Hope admitted he was updating his “slightly 1990s view of the sector” to incorporate its decade of expansion under Labour and declared his confidence in its future. He also suggested business could be a far greater funder of charities.
“You can go, and are going, where government cannot go,” Hope told the NCVO and Carnegie UK Third Sector Foresight conference on the future of civil society in London yesterday, his first official engagement in his new post. “We cannot do what we want to do in transforming lives without partnership with the sector. Social change and putting civil society at the heart of government is what we are all about.”
Gordon Brown, the Prime Minister, wants a one-to-one engagement to empower people, said Hope. Between the third sector and the government he said: “There is a shared agenda, a shared vision, a shared mission – it is about changing society.” Hope added that Labour’s third and potentially fourth terms in office would involve “people changes”, altering attitudes and behaviour, and enhancing social networks and social capital.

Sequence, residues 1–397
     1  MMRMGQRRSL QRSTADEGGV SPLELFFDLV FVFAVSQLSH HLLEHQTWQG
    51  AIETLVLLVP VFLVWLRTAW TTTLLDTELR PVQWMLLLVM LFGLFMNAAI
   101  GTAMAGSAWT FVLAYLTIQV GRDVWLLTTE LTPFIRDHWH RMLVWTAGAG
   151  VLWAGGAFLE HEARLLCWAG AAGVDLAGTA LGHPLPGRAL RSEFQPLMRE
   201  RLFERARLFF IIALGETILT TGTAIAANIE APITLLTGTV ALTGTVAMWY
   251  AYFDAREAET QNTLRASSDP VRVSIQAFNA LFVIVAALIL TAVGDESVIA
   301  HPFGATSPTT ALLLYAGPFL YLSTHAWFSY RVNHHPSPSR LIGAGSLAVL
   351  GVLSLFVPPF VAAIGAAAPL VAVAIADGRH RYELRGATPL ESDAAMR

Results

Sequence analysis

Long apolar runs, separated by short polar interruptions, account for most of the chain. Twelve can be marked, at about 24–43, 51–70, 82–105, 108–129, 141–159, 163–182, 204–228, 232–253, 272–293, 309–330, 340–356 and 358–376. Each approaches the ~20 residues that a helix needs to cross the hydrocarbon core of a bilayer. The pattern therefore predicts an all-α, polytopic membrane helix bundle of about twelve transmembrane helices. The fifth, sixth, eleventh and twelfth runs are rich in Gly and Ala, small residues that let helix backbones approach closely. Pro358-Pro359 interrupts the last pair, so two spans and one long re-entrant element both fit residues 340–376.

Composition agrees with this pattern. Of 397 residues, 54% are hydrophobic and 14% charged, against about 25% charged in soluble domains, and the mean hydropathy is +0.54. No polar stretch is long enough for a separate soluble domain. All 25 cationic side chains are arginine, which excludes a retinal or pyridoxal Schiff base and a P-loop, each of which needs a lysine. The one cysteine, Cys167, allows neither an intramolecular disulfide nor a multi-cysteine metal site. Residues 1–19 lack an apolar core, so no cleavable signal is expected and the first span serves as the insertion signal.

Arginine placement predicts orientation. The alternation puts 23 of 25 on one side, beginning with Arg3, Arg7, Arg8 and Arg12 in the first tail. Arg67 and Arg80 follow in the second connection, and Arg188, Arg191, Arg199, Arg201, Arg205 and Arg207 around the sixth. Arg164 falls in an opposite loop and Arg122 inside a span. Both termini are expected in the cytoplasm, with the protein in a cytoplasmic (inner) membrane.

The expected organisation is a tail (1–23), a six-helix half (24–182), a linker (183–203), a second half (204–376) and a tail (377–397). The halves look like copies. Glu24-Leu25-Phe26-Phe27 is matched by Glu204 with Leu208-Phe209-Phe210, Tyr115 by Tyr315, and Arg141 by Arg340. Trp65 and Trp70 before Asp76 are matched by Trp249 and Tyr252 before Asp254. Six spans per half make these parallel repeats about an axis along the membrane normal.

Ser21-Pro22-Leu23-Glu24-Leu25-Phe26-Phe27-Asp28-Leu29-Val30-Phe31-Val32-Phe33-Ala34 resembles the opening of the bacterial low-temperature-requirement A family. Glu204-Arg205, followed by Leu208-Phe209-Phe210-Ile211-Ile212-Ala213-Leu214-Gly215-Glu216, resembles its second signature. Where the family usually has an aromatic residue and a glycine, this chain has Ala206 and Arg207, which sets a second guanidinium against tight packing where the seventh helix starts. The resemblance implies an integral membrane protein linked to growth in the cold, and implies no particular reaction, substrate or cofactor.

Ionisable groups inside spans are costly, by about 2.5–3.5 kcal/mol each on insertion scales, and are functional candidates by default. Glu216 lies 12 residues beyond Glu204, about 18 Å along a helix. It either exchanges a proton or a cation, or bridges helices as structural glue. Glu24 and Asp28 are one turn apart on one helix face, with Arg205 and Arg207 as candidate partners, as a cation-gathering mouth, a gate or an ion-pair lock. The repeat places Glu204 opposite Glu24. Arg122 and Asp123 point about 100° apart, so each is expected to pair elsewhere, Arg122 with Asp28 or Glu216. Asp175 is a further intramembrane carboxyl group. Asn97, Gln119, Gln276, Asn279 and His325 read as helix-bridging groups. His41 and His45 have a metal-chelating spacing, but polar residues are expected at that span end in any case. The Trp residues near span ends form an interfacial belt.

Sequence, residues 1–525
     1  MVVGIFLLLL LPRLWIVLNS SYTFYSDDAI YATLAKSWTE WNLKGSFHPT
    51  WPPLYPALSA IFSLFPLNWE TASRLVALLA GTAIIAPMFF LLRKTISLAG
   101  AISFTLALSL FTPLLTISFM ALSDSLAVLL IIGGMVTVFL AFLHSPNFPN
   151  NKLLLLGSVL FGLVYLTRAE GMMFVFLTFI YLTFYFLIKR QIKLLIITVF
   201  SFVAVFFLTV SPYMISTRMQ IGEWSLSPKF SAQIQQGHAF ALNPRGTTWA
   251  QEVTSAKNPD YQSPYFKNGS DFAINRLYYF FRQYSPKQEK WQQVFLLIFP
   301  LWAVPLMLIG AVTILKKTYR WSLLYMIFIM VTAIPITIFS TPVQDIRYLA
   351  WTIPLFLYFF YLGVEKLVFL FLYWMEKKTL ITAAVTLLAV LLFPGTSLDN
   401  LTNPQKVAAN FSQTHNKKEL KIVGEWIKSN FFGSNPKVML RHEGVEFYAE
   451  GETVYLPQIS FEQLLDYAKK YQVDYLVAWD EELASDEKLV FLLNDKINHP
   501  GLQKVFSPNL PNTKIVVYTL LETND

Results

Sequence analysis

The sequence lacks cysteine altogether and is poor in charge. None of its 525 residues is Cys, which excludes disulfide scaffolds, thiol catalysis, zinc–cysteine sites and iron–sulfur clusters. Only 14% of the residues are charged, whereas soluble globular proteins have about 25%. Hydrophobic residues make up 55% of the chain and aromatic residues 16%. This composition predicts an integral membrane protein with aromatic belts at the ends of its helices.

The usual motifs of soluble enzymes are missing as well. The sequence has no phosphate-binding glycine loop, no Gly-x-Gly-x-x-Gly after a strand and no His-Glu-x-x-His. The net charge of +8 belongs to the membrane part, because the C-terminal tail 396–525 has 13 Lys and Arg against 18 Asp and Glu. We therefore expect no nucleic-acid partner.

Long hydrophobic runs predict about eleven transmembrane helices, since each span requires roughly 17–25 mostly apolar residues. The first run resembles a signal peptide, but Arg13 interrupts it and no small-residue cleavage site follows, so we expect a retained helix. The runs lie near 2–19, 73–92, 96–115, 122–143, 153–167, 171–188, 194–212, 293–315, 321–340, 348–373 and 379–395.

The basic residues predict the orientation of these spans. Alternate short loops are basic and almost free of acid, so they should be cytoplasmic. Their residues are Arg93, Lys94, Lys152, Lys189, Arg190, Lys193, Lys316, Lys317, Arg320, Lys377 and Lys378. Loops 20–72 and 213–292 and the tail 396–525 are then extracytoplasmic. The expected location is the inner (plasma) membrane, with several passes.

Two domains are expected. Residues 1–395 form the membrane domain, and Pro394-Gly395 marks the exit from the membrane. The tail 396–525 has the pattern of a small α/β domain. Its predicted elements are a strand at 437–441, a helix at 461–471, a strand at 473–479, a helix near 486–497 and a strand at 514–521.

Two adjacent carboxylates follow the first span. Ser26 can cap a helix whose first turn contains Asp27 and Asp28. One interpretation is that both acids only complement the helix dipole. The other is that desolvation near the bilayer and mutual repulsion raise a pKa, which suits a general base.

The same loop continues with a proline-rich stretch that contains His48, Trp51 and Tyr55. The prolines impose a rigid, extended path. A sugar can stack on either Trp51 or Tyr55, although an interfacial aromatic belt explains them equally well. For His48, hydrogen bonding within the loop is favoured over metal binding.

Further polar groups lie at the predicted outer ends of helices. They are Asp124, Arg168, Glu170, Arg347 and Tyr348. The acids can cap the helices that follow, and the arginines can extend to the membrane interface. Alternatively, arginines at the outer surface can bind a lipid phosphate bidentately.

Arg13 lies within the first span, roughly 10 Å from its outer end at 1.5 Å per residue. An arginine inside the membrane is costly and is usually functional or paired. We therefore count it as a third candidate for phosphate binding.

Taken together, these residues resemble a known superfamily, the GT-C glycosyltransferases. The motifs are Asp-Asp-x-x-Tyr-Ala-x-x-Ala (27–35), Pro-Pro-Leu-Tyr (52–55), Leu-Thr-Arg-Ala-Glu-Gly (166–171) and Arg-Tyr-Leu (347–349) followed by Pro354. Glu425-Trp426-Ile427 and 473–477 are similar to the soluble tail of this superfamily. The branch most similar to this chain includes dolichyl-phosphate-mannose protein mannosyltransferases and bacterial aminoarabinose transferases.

Hope, who is also MP for Corby and East Northamptonshire, said a key part of his role is as a “persuader, especially with ministerial colleagues” in helping those working at civil society’s front line. “My job is to listen and learn from you,” he said.
The minister said he was also keen on engaging with the “nitty-gritty stuff”, from the third sector review coming out later this month and ensuring that the £80m small grants fund reached the very smallest groups.
He added that the sector had a “crucial campaigning role”, and groups “should not be worried about campaigning if they are getting a grant or a contract”.
Hope was particularly interested in the links between civil society and business, including finding new funding for the third sector. “I think there is a stack of money out there in the investment community,” he said.